Former federal prosecutors lay out Mueller’s damning case against Trump
If there’s one crystal clear takeaway from yesterday’s hearing on the Mueller report, it’s this: Donald Trump intentionally committed obstruction of justice, and if he weren’t president, he’d be facing multiple felony charges.
Despite Trump’s lies, despite his hand-picked attorney general’s cover-up, despite his Congressional allies’ willingness to obstruct and lie for him, Trump is in trouble.
Mueller’s report speaks for itself, as the special counsel himself said it would, and it tells the story of a candidate and team who committed multiple crimes in pursuit of the most powerful office in the world—then committed more crimes to cover those up.
Share this clip to demand action: Mueller’s report details Trump’s crimes. Now, it’s Congress’s job to investigate them and go where the facts take them, because no one—not even the president of the United States—is above the law.
As CAP Action’s Moscow Project put it on the day it was finally released, “The Mueller Report, like the Watergate Roadmap, Should be Considered an Impeachment Referral.” The witnesses yesterday agreed.
Here are five key takeaways from yesterday’s hearing:
- The Mueller report is a road map for Congress: As former White House counsel and key Watergate witness John Dean said yesterday, “In many ways, the Mueller report is to President Trump what the so-called Watergate road map…was to President Richard Nixon.”
- More specifically, the report is an impeachment referral: Congress has a duty to read it as such. Barbara McQuade, a former federal prosecutor and witness at yesterday’s hearing, tweeted this today: “Trump committed multiple acts of obstruction of justice. His efforts harmed national security by shielding from scrutiny an attack on our country by a foreign adversary. Mueller couldn’t charge but Congress can impeach.”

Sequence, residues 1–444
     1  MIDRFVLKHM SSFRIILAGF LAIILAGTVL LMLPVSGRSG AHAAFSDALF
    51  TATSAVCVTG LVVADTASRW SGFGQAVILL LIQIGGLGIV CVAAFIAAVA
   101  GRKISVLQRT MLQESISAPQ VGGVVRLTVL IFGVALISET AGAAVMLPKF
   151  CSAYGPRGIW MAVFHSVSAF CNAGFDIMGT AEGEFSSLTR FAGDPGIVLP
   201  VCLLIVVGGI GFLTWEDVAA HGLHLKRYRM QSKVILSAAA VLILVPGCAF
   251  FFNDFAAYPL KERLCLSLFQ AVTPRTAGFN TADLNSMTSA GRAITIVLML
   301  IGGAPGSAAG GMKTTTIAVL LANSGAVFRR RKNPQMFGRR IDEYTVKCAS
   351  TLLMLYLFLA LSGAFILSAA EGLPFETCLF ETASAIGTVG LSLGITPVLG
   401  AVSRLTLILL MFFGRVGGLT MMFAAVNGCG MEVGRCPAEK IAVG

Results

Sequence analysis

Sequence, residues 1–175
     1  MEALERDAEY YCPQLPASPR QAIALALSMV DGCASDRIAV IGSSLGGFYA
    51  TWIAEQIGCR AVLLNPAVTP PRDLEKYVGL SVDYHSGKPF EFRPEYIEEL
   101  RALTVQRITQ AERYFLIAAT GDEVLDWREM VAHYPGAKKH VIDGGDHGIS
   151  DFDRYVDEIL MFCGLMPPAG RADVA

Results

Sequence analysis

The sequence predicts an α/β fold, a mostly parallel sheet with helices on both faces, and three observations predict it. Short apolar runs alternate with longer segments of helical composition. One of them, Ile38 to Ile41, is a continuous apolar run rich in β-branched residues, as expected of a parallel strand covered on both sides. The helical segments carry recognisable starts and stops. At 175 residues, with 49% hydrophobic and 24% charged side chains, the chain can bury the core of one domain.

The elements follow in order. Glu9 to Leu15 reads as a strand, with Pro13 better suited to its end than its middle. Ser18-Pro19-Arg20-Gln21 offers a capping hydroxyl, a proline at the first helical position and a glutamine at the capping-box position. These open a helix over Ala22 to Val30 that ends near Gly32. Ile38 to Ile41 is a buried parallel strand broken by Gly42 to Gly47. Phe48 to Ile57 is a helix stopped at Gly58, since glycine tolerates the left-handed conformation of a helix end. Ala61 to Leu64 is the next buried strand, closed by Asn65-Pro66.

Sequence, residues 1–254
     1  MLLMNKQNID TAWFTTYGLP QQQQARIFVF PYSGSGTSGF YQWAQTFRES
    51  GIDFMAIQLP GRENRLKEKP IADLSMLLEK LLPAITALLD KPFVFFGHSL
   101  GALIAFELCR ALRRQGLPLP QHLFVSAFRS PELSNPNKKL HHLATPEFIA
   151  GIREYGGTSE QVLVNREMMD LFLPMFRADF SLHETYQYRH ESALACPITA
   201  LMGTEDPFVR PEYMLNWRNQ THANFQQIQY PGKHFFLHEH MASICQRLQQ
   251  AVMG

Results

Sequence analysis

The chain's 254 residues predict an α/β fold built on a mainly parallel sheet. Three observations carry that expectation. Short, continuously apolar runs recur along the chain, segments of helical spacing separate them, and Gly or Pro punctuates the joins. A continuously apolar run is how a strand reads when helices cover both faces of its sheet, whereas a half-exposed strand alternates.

- Mueller’s report does NOT clear Trump of collusion: Despite what some Committee Republicans insisted, Mueller’s report doesn’t even address the issue of collusion. It focuses on a narrow definition of criminal conspiracy. As Joyce White Vance pointed out yesterday, “There is abundant evidence of collusion in this record.”
- Trump intentionally threatened our national security: And he would have succeeded if his team had followed his orders. Per McQuade yesterday, “By seeking to curtail the [Mueller] investigation, President Trump committed an act that threatened the national security of this country.”
- Trump WANTED to obstruct justice: That’s a critical point, because intent is a key component of obstruction of justice. Mueller’s report shows that Trump “wanted to take these acts, that he was not committed to truth in the criminal justice system, that he wanted to divert it away from truth for his own benefit.”
Chairman Jerry Nadler closed yesterday’s hearing with this: “This is not a bogus investigation of a false allegation, but a necessary investigation of a threat to our country and liberty. This committee and this Congress have an absolute obligation to the American people to investigate this.”
House Democrats’ investigations into Trump’s crimes continue tomorrow, as Chairman Adam Schiff leads the House Intelligence Committee’s hearing on “Lessons from the Mueller Report: Counterintelligence Implications of Volume 1.” Tune in at 9am EST.